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Understanding Rum


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255 replies to this topic

#241 tanstaafl2

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Posted 01 June 2015 - 03:38 PM

I picked up a bottle of the Hamilton 151 after following a couple threads on TikiRoom discussing replacements for LH 151. (A limited supply of Hamilton's available now at Spec's downtown Houston, for those in the area. I understand that Hamilton distribution is tiny. There is no more LH in Texas as far as I know.) I don't recall anything about this in what I've read online, so I'm a bit skeptical, but the guy who ordered it for me said the distributor told him that Hamilton bought the old LH production facility and is using the same recipe as LH 151 for Hamilton 151... taking that with a big grain of salt.

 

Hassouni, I'd agree with your conclusion--Hamilton 151 is a good sub for LH 151. Side-by-side, they taste pretty similar, if perhaps a little weaker and less concentrated in flavor than the LH.

 

People on TikiRoom are saying there's a yellow label LH 151 floating around... not really sure what this means for the product's future.

 

Do you mean the yellow label LH 151 that proceeded the more recent red label version of LH 151 that seems to be discontinued as well at the moment? Don't have a picture handy but shown here on this website if you scroll down a bit. Might be a few of them still floating around. Worth buying the old yellow label version to me if I see it and the price is reasonable.


If you pick up a starving dog and make him prosperous, he will not bite you. This is the principal difference between a dog and a man. ~Mark Twain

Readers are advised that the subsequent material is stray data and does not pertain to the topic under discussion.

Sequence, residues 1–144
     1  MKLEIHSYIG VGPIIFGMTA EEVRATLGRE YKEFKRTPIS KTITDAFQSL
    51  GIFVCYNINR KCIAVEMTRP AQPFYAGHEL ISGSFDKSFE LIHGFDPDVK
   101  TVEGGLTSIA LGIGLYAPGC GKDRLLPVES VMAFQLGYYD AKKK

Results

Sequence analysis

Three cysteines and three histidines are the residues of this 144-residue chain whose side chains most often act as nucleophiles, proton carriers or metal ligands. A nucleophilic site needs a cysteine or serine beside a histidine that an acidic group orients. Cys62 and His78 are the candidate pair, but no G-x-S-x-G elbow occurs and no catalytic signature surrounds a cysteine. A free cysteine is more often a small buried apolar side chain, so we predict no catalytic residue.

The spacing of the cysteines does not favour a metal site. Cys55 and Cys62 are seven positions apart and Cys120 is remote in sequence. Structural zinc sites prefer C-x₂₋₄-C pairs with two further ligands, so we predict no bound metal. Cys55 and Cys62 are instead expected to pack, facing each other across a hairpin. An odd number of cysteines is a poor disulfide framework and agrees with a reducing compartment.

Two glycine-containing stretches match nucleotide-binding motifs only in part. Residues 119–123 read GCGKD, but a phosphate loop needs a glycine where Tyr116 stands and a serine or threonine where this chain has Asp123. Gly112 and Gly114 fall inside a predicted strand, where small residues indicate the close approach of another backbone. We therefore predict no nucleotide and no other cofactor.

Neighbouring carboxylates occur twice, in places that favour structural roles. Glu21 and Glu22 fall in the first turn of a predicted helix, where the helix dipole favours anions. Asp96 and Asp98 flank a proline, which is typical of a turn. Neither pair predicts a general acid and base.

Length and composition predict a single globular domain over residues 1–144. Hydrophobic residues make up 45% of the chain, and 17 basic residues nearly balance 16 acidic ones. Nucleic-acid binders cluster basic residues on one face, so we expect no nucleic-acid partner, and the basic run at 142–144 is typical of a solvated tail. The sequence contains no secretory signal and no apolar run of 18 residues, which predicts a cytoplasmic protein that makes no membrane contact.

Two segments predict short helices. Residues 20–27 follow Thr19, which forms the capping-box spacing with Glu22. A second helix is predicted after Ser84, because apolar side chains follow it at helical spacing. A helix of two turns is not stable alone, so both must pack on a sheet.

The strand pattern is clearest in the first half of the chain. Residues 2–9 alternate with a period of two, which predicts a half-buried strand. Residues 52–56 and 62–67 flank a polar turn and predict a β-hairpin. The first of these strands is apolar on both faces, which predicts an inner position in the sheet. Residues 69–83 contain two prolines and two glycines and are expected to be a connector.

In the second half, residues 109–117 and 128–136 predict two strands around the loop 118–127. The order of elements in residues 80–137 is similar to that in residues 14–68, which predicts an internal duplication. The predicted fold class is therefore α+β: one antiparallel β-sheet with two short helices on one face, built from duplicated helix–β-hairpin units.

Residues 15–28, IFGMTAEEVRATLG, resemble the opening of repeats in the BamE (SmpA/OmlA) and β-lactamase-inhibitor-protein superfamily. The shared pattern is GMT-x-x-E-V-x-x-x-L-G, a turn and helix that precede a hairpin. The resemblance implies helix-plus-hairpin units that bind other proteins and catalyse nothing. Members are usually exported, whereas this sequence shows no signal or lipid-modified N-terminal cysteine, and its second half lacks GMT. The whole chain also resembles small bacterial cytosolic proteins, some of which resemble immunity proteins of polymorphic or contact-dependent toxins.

Some people are like a Slinky. They are not really good for anything, but you still can't help but smile when you shove them down the stairs...
~tanstaafl2

#242 Hassouni

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Posted 01 June 2015 - 04:16 PM

Yes, yellow label is what I mean by the original



#243 Fernet-Bronco

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Posted 02 June 2015 - 07:35 AM

Oh, I see. Apologies for confusing things. I've never had the yellow label that I know of. I tasted the Hamilton 151 against the red label. Never having had the original, I like the red label a lot, but if it's a different recipe perhaps that's what accounted for the difference in taste against the Hamilton 151.

 

tanstaafl2, the yellow label is what someone at TikiRoom spotted in the wild recently: http://www.tikiroom....=10&start=30



#244 tanstaafl2

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Posted 05 June 2015 - 03:31 PM

Yes, every now and again you might still see it on a shelf. It wasn't that long ago that it switched to the red label version. 3 years maybe?

 

There is also a lower proof version out there that you have to watch out for because as I recall the labels were pretty similar. Always check the proof/ABV!


If you pick up a starving dog and make him prosperous, he will not bite you. This is the principal difference between a dog and a man. ~Mark Twain

Some people are like a Slinky. They are not really good for anything, but you still can't help but smile when you shove them down the stairs...
~tanstaafl2

#245 JoNorvelleWalker